The program, “Operation Fast and Furious,” was run by the Bureau of Alcohol, Tobacco, Firearms and Explosives. It allowed suspected gun smugglers to buy some 2,000 firearms, some of which have turned up in crimes on both sides of the U.S.-Mexico border; most haven’t been tracked down
. When Border Patrol Agent Brian Terry was fatally shot in December 2010, two assault rifles linked to “Fast and Furious” were found at the crime scene.
On Tuesday, Mr. Burke resigned and Kenneth Melson, acting head of the ATF was reassigned. In addition, an assistant U.S. attorney in Arizona, Emory Hurley, was also reassigned.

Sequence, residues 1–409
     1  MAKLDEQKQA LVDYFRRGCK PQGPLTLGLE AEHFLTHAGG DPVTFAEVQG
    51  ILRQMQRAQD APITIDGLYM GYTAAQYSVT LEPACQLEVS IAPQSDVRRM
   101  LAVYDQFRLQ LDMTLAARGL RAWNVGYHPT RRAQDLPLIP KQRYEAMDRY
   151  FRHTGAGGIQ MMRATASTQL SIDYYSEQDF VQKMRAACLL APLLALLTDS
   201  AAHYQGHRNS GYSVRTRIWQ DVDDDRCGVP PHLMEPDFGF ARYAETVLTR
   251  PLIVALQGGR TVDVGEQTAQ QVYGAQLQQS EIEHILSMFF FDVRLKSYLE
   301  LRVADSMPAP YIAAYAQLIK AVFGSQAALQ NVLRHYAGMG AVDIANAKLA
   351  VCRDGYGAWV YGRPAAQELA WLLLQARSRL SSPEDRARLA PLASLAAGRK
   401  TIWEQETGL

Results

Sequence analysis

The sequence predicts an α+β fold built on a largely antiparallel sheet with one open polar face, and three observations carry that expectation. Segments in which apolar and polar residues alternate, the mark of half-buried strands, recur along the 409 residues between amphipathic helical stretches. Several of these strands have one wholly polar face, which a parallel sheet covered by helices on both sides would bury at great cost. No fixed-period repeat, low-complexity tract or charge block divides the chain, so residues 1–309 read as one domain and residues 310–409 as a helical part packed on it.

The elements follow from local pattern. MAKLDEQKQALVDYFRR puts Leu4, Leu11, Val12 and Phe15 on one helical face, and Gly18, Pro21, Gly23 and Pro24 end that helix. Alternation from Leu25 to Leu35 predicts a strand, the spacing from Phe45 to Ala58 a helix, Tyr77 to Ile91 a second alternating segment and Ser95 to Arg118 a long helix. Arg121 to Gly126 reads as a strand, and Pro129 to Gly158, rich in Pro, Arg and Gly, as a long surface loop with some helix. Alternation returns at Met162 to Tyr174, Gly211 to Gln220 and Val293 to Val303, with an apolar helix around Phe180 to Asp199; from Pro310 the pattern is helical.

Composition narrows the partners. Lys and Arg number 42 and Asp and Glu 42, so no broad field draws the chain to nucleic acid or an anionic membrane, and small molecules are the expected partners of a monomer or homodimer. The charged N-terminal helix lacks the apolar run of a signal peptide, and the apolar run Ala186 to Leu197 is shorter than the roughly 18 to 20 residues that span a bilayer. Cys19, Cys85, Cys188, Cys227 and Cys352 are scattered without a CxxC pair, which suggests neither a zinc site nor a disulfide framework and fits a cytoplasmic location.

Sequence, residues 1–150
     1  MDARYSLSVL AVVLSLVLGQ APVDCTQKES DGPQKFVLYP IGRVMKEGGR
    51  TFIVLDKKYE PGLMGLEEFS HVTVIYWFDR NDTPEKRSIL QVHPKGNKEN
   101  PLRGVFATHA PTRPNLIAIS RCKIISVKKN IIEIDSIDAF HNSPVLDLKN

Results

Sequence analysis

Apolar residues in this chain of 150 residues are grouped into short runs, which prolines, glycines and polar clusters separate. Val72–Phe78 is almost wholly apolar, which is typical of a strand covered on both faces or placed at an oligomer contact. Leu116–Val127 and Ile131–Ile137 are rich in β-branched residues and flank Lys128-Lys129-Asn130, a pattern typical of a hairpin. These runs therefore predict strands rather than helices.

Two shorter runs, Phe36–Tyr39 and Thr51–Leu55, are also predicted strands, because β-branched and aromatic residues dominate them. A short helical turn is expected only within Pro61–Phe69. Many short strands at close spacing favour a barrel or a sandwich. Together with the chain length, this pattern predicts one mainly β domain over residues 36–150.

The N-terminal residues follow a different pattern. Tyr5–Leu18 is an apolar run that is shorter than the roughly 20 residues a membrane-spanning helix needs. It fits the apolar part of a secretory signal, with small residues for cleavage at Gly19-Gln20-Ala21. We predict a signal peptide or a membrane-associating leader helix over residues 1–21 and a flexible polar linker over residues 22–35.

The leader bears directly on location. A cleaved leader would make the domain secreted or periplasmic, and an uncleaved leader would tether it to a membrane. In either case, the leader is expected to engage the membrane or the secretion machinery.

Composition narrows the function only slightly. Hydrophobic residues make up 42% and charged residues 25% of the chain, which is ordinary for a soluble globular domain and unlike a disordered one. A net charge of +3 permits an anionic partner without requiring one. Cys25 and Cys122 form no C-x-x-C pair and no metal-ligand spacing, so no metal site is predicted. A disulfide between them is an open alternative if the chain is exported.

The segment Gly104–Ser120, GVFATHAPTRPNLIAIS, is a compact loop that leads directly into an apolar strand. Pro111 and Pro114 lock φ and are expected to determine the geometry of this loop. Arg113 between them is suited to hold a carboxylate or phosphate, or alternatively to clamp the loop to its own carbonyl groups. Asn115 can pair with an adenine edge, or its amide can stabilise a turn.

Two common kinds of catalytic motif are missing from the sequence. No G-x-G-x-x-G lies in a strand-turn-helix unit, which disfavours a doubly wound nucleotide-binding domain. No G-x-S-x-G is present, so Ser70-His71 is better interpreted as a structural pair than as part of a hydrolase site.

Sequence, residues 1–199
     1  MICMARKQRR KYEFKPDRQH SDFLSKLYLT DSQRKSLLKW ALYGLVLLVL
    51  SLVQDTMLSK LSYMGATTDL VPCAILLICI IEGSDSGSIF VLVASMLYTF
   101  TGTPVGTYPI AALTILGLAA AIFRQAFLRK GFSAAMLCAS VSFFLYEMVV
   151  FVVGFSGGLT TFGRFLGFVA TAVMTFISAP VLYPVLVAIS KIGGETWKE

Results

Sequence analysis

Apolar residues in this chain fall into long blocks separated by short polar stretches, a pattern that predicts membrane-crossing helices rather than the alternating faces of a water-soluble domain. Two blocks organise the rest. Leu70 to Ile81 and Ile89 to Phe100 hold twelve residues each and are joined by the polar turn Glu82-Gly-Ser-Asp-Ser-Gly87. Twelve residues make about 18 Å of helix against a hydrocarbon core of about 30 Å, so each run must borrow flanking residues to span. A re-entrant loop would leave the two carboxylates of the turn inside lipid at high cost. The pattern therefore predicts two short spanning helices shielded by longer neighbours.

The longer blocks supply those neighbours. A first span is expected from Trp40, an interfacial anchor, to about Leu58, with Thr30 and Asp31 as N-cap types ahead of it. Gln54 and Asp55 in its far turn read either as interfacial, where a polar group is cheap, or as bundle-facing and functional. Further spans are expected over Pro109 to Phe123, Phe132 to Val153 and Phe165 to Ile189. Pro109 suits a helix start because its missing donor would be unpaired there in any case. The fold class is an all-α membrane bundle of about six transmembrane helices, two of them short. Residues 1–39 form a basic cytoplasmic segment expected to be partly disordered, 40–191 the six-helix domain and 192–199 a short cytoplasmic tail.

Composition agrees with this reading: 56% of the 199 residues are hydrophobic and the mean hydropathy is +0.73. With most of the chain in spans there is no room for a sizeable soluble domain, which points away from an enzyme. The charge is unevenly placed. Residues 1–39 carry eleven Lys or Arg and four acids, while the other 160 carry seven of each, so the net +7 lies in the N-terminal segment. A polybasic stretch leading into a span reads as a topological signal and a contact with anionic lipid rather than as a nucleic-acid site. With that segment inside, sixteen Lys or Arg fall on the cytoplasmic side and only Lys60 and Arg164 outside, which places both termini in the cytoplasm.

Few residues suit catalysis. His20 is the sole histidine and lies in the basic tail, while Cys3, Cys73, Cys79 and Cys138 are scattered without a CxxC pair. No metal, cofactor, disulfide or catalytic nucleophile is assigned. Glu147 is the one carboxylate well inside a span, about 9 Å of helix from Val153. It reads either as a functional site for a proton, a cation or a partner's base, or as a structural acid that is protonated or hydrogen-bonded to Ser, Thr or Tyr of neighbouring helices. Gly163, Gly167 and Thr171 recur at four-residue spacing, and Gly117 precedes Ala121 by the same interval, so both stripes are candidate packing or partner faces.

In their letter, Messrs. Grassley and Issa zeroed in on a court filing by the Phoenix office seeking to deny Mr. Terry’s family rights under the Crime Victims’ Rights Act, and expressed concerns about conflicts of interest in prosecuting the Terry case. “Since your office directed and approved the daily tactical decisions in Operation Fast and Furious, it is hard to avoid the perception that a conflict of interest exists,” the two wrote.